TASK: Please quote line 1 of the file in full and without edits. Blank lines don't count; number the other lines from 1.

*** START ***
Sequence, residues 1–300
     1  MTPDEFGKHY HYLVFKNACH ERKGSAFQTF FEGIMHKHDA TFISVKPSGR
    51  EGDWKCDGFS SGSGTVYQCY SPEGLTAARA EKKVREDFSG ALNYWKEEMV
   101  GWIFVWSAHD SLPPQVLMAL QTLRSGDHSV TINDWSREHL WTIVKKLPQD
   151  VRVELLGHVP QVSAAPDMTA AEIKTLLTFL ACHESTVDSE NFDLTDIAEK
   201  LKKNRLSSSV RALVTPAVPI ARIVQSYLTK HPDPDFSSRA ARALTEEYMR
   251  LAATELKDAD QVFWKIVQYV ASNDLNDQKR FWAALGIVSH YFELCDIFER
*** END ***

Sequence, residues 1–300